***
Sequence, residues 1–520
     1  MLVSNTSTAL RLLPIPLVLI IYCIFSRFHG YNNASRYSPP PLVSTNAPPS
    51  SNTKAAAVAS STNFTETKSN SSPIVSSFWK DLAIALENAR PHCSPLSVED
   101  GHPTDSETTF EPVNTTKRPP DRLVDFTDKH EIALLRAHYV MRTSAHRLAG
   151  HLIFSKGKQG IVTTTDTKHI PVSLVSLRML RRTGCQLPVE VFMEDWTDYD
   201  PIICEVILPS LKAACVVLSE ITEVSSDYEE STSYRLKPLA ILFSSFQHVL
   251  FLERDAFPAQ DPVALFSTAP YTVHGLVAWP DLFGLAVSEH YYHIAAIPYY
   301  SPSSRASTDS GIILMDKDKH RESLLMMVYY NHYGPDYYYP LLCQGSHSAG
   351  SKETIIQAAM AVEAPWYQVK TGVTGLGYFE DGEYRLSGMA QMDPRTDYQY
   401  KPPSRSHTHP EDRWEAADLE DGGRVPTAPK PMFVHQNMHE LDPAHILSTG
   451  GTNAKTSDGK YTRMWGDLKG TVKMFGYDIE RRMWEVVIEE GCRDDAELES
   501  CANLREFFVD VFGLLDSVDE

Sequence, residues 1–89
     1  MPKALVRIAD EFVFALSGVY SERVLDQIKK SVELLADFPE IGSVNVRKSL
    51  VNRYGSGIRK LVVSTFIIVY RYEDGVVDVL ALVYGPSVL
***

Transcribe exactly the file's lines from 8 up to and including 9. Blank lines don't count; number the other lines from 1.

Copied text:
   301  SPSSRASTDS GIILMDKDKH RESLLMMVYY NHYGPDYYYP LLCQGSHSAG
   351  SKETIIQAAM AVEAPWYQVK TGVTGLGYFE DGEYRLSGMA QMDPRTDYQY